WASHINGTON — Nonresidential building continues to outperform the residential segment, and construction industry job and wage figures reflect that trend, said Ken Simonson, chief economist for the Associated General Contractors.
He said he was looking on the bright side when commenting on a Jan. 3 report from the U.S. Census Bureau that shows the value of construction put in place in November 2006 totaled $1.184 trillion at a seasonally adjusted annual rate, down 0.2% from the upwardly revised October total.
"I must point out there was lots of good news hidden in today's seemingly gloomy construction spending report," Simonson said. "Nonresidential spending showed a strong 1.2% gain in November, even after the October figure was revised from a small loss to a 1.1% gain. "
Meanwhile, residential construction spending shrank again in October by 1.6%, bringing the cumulative decline to 11% since peaking last March."
Simonson said he has observed-"no letup in the torrid pace of private nonresidential spending growth."
"For instance, lodging construction — mainly hotels and resorts — jumped 4% in November and was up 71% from the November 2005 level," he said. "Electric power construction charged ahead 4% in November and was 18% higher than a year ago. Manufacturing construction had a 1% gain for the month and was 11% ahead of the year-ago level. Health-care construction, mainly hospitals, gained 0.4% for the month and 20% compared to November 2005.
"The diverse commercial sector, with strong gains in multi-retail and warehouse components, tacked on 1% in November and 11% compared to the year-ago month."
Education spending climbed 2% for the month and 6.6% from a year earlier, Simonson said.
"A closer look at the private residential totals shows new multifamily construction gained 1% in November and 16% compared to November 2005, while improvements rose 0.6% and 6.7%," Simonson said. "But those numbers were swamped by declines of 3.1% and 20% for new single-family construction.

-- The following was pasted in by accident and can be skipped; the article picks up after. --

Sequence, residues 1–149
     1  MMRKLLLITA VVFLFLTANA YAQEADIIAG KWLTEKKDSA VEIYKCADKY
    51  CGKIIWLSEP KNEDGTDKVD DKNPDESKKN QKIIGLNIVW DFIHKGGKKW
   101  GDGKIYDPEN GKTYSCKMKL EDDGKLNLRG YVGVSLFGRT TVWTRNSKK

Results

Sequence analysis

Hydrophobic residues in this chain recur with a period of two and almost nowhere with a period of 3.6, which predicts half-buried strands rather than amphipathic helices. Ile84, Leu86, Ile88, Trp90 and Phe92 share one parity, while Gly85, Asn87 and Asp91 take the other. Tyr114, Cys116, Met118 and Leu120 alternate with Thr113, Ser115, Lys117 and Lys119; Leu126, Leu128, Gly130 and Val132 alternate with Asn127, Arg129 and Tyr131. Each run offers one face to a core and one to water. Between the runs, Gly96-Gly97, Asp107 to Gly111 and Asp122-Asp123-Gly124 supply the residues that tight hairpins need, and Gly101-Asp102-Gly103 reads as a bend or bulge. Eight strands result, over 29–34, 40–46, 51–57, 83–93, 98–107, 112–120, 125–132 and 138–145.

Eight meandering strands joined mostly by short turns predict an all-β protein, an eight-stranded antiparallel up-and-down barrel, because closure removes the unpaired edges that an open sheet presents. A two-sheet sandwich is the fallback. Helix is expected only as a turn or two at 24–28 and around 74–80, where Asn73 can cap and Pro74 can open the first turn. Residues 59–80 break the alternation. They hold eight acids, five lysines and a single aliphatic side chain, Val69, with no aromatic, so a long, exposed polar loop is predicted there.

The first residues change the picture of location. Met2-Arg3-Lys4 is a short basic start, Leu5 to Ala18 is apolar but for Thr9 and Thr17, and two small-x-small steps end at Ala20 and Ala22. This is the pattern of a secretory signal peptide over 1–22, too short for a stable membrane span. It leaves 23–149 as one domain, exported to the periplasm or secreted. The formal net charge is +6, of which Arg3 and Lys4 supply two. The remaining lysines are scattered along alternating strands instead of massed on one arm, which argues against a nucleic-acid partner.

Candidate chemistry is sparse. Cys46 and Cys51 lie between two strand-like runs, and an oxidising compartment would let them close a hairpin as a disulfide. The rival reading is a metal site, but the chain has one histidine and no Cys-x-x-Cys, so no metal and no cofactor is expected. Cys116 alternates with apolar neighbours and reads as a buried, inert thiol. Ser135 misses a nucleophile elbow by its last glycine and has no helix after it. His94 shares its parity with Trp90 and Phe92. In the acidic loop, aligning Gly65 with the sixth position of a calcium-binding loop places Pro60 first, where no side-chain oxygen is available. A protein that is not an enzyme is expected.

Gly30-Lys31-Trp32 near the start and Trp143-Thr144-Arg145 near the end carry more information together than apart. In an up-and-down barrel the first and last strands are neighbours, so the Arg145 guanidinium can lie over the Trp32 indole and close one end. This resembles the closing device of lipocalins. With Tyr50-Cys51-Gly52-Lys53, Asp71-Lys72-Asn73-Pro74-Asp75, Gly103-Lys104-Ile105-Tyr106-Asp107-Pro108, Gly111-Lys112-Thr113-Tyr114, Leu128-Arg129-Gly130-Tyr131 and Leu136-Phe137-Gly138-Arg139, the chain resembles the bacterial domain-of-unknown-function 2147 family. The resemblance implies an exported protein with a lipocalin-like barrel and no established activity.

"Energy-and power-related construction, hotels, hospitals and rental housing will all perform well, while single-family and condo construction will sink the totals."
Commenting on the January employment report from the U.S. Bureau of Labor Statistics, released later, Simonson noted that nonresidential construction jobs jumped during the month, while employment related to home building fell off.
"In January, construction accounted for one out of five net new jobs in the entire non-farm economy — 22,000 out of 111,000," Simonson said. "Not bad for an industry that constitutes less than 6% of total non-farm employment. Nonresidential construction employment growth has been sizzling.
"Over the past 12 months, nonresidential building contractors and nonresidential specialty trades have boosted employment by 160,000, or 5%."
Simonson said that the job growth should translate into additional nonresidential construction work in the next several months. In contrast, residential building and specialty trades employment slipped in January, bringing the year-over-year decline to 84,000 jobs, or 2.5% of the January 2006 total.
"I expect home builders will continue to shrink for most of 2007, until they see a marked upturn in home sales," Simonson said.
Construction wages rose 4.5% in the last 12 months, outpacing the 4% increase for all private industry production workers, he said.
"Part of this reflects a changing mix of construction jobs, away from lower-skilled home building and remodeling to skilled nonresidential crafts," Simonson said. "But it may also indicate that contractors are ratcheting up pay to find the workers they need."